The National Association of Mortgage Brokers has asked the Federal Housing Finance Agency to change its plan to raise the price of certain cash-out refinances in February of next year.
Although the cash-out hikes offset some price breaks that help make some loans used by first-time buyers more affordable, they put pre-existing borrowers at a disadvantage, the group noted in a letter to FHFA Director Sandra Thompson.
“I know there’s a balance they have to strike on how they do things, but putting something on one group of individuals in order to balance it on the other isn’t the best way in NAMB’s opinion to get this done,” Ernest Jones Jr., president of the group, said in an interview.
The association’s concern is that pricing adjustment “will negatively impact current homeowners,” Jones said in the letter to the FHFA. Cash-out refinance borrowers frequently use the money to address a financial hardship or an essential life need, Jones said.
“Most of the time, they’re taking it out to pay off debt, to fund education for a child or an emergency situation,” said Jones.
The NAMB has been concerned that the pricing increase could be as high as 75 basis points in some cases, but Jones noted that a lot of variables go into pricing a loan, such as credit scores and loan-to-value ratios.
The agency said in a statement that it expects the hikes — which are part of a larger recalibration of guarantee fee pricing and returns it is undergoing as part of its regulatory capital framework — to be far lower on average.
“With respect to cash-out refinance loans, in some instances, certain LTV/credit score combinations warranted a higher fee while others warranted a lower fee as return thresholds were already being met,” an FHFA spokesperson said in an emailed statement. “On average, the recalibrated cash-out refinance fees will lead to small g-fee increases of 5-6 [basis points] and are expected to lead to higher overall revenues – even with small market share loss as a result of higher fees.”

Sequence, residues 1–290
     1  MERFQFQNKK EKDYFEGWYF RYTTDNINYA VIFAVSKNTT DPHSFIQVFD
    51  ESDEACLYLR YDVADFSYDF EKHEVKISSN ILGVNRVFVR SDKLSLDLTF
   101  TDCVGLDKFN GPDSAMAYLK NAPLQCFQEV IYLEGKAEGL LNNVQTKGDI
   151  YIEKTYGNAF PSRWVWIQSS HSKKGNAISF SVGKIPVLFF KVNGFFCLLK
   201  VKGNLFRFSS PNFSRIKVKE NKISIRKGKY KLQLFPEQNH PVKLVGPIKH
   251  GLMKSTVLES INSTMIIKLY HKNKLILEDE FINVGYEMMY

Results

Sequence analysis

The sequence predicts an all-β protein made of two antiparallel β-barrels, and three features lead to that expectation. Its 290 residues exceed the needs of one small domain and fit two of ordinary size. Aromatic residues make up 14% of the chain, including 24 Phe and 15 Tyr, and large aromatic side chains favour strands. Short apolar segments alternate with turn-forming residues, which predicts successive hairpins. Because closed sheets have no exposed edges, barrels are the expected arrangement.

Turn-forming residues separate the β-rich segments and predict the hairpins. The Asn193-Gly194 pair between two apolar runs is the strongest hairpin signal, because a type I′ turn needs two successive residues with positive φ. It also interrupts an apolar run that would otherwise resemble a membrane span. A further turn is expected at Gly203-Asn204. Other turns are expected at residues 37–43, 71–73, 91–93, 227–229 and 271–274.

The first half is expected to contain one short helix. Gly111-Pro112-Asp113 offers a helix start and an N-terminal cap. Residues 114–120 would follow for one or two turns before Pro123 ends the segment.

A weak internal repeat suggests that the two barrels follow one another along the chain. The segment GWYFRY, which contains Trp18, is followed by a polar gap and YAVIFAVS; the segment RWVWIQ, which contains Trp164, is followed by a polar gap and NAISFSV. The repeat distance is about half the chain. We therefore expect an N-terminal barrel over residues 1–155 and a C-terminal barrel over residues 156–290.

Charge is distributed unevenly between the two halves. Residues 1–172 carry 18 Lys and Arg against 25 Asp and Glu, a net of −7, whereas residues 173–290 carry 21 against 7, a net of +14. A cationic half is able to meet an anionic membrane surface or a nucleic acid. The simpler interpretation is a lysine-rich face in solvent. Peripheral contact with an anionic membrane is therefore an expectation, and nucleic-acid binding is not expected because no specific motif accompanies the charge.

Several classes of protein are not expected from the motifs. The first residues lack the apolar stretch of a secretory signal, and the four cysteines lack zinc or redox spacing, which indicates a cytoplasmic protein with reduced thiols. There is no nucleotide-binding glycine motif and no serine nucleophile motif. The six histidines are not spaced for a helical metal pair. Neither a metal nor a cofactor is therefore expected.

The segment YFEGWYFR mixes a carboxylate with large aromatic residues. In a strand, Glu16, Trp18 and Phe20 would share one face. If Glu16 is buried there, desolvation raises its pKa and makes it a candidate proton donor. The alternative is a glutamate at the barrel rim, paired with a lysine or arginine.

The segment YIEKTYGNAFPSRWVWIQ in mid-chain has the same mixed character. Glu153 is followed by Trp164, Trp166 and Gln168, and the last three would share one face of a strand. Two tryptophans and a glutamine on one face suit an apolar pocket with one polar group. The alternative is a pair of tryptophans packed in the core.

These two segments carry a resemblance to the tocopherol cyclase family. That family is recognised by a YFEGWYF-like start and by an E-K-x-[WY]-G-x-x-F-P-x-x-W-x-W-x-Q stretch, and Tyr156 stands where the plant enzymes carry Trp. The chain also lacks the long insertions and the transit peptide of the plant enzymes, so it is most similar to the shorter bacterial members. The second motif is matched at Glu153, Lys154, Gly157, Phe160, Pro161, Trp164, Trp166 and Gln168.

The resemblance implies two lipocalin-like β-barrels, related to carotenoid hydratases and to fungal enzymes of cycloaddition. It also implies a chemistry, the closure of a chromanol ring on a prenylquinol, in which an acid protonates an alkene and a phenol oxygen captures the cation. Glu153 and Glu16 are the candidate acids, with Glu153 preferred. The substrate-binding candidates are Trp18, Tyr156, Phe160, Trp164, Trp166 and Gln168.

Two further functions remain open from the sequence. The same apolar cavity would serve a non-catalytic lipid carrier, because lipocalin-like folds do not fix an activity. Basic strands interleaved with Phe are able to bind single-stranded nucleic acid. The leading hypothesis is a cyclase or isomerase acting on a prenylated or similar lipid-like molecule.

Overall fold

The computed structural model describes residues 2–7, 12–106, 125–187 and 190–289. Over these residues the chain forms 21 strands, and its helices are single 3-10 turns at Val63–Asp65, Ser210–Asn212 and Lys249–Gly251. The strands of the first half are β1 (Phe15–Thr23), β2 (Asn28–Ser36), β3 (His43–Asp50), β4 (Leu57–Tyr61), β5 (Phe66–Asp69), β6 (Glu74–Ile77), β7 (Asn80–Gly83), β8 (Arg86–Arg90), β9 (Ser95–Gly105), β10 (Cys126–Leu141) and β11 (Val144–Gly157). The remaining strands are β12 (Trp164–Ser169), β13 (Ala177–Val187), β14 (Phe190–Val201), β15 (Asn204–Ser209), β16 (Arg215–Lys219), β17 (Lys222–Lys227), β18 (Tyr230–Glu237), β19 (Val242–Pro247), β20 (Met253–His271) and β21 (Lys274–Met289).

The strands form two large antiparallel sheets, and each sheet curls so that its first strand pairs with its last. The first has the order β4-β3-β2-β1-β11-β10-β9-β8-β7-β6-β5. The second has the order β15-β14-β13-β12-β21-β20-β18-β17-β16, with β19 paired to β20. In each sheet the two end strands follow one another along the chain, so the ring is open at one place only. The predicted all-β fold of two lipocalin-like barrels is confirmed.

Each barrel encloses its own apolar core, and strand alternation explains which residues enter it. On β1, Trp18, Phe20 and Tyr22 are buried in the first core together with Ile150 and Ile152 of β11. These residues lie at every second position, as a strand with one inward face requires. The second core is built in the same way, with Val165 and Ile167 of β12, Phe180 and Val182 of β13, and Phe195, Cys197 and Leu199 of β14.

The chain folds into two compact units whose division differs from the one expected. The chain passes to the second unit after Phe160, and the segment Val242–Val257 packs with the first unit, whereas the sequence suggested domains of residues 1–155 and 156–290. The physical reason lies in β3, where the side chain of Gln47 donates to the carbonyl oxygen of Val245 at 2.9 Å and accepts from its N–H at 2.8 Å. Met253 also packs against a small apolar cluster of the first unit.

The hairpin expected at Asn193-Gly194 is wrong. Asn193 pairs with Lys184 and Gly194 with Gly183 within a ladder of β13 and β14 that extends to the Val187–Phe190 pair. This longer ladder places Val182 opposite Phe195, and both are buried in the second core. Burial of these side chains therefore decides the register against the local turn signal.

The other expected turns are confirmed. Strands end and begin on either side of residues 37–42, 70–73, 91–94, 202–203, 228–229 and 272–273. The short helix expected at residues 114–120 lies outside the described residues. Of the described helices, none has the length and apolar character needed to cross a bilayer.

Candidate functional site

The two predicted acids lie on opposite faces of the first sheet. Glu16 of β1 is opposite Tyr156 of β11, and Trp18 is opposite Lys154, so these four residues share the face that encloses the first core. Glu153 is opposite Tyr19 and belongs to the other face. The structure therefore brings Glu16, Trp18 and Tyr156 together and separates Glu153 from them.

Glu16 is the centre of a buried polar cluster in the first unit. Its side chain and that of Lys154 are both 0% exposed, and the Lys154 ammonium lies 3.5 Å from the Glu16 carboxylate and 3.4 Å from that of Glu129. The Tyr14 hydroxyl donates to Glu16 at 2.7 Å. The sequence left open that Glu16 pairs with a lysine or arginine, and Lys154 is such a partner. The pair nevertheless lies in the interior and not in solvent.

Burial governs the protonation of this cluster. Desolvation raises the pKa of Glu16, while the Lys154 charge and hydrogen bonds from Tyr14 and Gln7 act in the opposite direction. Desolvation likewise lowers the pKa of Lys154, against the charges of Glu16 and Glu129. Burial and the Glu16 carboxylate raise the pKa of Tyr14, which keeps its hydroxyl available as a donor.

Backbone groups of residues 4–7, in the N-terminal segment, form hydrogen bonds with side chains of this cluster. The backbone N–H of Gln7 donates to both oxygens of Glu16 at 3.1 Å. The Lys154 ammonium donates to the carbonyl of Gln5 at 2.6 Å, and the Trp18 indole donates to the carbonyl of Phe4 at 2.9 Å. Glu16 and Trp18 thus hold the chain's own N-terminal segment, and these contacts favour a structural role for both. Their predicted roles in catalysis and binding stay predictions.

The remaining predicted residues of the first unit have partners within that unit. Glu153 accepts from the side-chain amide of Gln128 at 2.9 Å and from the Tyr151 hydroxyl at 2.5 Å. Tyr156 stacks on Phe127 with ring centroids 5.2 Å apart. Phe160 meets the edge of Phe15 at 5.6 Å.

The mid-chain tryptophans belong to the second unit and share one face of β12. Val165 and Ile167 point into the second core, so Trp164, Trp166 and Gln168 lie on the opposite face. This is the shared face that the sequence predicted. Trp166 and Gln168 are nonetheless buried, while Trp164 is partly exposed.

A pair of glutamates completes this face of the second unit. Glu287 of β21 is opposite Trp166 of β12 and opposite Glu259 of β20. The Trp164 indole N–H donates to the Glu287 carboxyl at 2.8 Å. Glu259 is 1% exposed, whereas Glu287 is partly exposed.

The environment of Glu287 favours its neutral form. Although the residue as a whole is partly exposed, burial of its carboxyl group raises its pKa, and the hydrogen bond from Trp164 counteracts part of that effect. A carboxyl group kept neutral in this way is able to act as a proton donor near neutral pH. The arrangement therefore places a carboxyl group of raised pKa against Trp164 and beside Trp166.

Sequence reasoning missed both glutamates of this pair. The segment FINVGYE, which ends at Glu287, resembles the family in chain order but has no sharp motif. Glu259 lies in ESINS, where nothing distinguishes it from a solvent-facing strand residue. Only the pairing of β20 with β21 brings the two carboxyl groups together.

In its letter, the mortgage broker group also showed concern that the move came on top of a separate price hike the agency added earlier this year that affects existing homeowners. That increase applied to high-balance loans and mortgages taken out on second homes.
“You can’t make the assumption that everybody who wants to buy a second home is in a high socioeconomic range,” Jones said, noting that retirees with relatively low incomes could be in this category, and average people may have high priced homes in some areas.
Both changes are part of the FHFA’s ongoing review of the prices and related fees government-sponsored enterprises charge for loan purchases. As such, pricing is not set in stone, but the agency does need to “ensure the enterprises are positioned to fill their countercyclical role throughout the economic cycle,” the spokesperson said.
“Pricing is a critical tool in this regard,” the agency added in its statement. “FHFA will continue to closely monitor mortgage market conditions and assess the impacts of these pricing changes once they go into effect.”